How to Train a Puppy

Well, thanks to Bluma we have made it to a credible discussion about how to train a puppy. When I adopted Bluma she was all of Three months old. This is great because at the very beginning puppies are helpless and need their mother.  Once they become aware of the world and become mobile they begin to learn to be dogs.  Our focus is on training and communication with your pup. So, three months is a good starting point. Even before this point the very first lesson they learn is who is the boss.

Have you ever watch a littler of pups feed from their mother? you will notice that some pups are more assertive and aggressive they tend to be the first to feed and soon begin taking charge of were they eat and who else gets to eat. The point, one of the first lessons is dominance. If you continue to watch this communication progress you will see that the pups will soon find their place from the strongest to the weakest. The order that your puppy falls in this hierarchy is key to how your pup will see its self and behave in future  situations . There are theories of how to intervene in these situations but, this is another post for another day.

As I mentioned Bluma is a very confident dominate dog.  She learned from day one that if she controlled food water toys and territory she would be the boss.  Now some of the problems with just letting this behavior go unchecked is obvious.  One concern is that she is not big enough to back up her attitude. Two, attempts to dominate in the animal world means that if you challenge this assertion of dominance Bluma will fight. This is how she won with her siblings so why not do what has worked up too know. This means that if you are the one challenging her dominance you are the one who will be bitten.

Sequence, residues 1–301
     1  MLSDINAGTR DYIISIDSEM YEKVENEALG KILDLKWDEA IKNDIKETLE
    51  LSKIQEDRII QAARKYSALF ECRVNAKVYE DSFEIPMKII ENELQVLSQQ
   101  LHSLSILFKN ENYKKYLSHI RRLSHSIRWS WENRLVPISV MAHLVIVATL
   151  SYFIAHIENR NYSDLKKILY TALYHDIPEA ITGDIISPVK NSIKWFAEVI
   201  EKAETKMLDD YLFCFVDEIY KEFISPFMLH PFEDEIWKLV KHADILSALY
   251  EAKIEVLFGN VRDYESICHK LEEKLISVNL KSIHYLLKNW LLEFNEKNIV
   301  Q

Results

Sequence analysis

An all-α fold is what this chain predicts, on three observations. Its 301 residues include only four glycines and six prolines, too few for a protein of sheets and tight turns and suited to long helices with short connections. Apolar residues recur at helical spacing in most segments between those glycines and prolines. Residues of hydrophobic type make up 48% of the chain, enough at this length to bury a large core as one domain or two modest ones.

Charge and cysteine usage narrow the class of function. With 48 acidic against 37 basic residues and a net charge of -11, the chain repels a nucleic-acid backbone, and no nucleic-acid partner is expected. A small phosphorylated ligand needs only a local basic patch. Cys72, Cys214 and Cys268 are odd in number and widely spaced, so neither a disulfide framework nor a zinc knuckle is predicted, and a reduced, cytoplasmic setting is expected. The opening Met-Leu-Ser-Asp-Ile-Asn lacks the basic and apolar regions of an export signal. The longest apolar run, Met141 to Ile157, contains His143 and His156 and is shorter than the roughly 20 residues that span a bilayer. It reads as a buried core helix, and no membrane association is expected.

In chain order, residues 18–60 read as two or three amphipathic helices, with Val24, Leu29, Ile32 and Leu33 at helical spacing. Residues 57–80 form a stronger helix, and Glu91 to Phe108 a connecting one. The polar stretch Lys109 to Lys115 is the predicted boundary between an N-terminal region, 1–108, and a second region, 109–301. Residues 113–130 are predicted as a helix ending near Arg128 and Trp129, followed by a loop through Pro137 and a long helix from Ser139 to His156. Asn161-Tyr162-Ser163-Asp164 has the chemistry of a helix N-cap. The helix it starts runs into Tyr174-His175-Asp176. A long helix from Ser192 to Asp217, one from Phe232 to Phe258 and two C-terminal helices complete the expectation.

A common mistake with small breed dogs is to think this is cute and to ignore it. Well, bigger dogs are also dogs and when they say they are the boss and your little dog challenges that your little dog will lose. Dogs are animals they solve problems in animal ways. Our job since we are suppose to be the smart ones is to learn their behavior and help them learn how to be successful with us and other dogs.  With larger dogs even pups can soon put a hurt on you so, people pick up on the fact that this is going to be a problem. This is a good time to get some professional help. In either case the solution is to teach your dog that you are the boss.

Now remember this is a puppy, be gentile, redirect behavior, restrain and calm. Never hit or be abusive even if you have a large breed dog. You will regret the results in the future if you do.  I like to take a few things into consideration when training puppies.

1. remember puppies have almost no attention span. be patient train in short periods and give lots of loving play breaks.

2. Do not underestimate your puppies abilities. Puppies begin learning from day one. If you want your puppy to stay.  Don’t fall for the puppy eyes they can do it.  Don’t expect them to be able to stay for extended periods of time as older dogs can but don’t underestimate. Start with very short times and gradually build.  Bluma could sit, heal and was working on stay one week after we got her. She is now, working on more advanced social skills and challenges. We are very proud of her.

3. Here is a tip I have only heard here at Motley Dog Dog Training. …. Make sure you dog or puppy knows when you are serious and when you are not. Sounds crazy but, I have worked with Motley and Bluma on this and it is not only very effective but necessary if you want your dog to consistently and accurately communicate with you.

Dogs are masters of non-verbal communication. They can also be taught by you, facial  expressions that communication messages to them. (Garnand, Jeau 2013)  The most useful are:

I am serious

I am disappointed

I am playing

Yep, you can practice these expressions with your dog while correcting their response until Hey, my dog knows I am serious.

Well this is a good start.


More to come

Motley & Jeau